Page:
Mass balance of toxic metals in cement and aggregate kilns co-fired with fossil and hazardous waste-derived fuels

James O. Eckert, Qizhong Guo, Anthony F. Moscati

Research output: Contribution to journalArticlepeer-review

3 Scopus citations


The co-firing of conventional fossil fuel with hazardous waste-derived fuel (WDF) in cement and aggregate kilns has increased considerably since 1984. Data are compiled from compliance-test reports for cement and light-aggregate kilns at steady-state conditions. These data reveal that the majority of each metal is incorporated into the kiln dust and product (cement clinker or aggregate product). Distribution ratios, for kiln dust and emissions relative to the total kiln system, are calculated for the metals arsenic (As), beryllium (Be), cadmium (Cd), chromium (Cr), and lead (Pb). Calculations, which use these ratios, balance the input and output metal mass by assigning the remaining metal to the product. These balance calculations include kilns that recirculate kiln dust and those that do not. Comparing reported and calculated metal concentrations in the product (cement clinker or aggregate product) provides a qualitative method for evaluating metals balance. Most compliance data yield poor agreement between the input and output masses. Metal distributions in kilns that recirculate different portions of cement kiln dust (CKD) indicate an increased tendency to concentrate As and Cr into CKD with increased CKD recirculation. This effect likely results from the rather low volatility of As and Cr. Metal concentrations in CKD, which are computed for the co-firing of WDF and fossil fuel in the kilns, are distinctly higher than those based on burning fossil fuel alone. A moderate to strong correlation of CKD metal concentrations with fuel metal concentrations indicates a fundamental control of CKD composition by fuel composition. Metal concentrations calculated for the transient approach to steady-state conditions provide a theoretical representation of that process. Equilibration test data, from compliance reports, show an irregular approach to steady-state conditions. This variable accumulation and release behavior appears typical of the transient part of the process, and may increase the uncertainty in assessing steady-state conditions.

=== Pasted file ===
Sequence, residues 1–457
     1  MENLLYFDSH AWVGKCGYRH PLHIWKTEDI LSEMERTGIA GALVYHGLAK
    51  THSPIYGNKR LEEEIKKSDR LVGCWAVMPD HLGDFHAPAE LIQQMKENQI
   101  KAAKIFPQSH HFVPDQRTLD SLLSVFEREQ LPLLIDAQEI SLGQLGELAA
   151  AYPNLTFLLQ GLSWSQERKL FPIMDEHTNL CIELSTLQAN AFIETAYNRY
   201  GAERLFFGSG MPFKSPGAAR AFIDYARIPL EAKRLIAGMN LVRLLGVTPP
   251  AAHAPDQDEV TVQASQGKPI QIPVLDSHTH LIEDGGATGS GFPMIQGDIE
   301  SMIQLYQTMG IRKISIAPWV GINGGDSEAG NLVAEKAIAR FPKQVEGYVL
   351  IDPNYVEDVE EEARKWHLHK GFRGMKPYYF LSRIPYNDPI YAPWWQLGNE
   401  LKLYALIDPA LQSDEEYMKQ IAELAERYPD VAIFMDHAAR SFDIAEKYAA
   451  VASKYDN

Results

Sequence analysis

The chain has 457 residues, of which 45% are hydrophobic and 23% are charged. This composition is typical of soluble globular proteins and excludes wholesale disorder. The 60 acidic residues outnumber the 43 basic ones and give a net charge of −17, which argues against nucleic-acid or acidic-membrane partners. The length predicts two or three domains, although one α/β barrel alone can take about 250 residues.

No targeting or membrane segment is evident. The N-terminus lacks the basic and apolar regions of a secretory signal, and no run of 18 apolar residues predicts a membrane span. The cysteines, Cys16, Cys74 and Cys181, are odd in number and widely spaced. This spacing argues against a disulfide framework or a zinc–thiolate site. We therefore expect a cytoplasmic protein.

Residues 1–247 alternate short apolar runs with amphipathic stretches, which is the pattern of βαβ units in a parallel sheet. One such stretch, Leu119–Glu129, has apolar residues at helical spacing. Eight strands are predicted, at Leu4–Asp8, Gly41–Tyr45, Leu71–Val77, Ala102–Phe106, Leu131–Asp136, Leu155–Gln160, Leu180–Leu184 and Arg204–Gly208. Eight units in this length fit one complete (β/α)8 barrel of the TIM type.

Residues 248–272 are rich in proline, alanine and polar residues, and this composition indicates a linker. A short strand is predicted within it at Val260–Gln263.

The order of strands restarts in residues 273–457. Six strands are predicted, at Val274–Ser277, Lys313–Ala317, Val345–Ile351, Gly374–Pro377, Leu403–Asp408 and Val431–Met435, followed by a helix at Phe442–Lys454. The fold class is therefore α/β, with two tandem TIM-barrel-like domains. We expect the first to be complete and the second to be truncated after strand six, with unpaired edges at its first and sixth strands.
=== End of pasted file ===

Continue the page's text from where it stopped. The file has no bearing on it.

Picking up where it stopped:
Original languageEnglish (US)
Pages (from-to)31-56
Number of pages26
JournalEnvironmental Engineering Science
Issue number1
StatePublished - Jan 1 1999

All Science Journal Classification (ASJC) codes

  • Environmental Chemistry
  • Waste Management and Disposal
  • Pollution


  • Cement kiln
  • Hazardous waste derived fuel
  • Heavy metal
  • Kiln dust
  • Mass balance
  • Steady state

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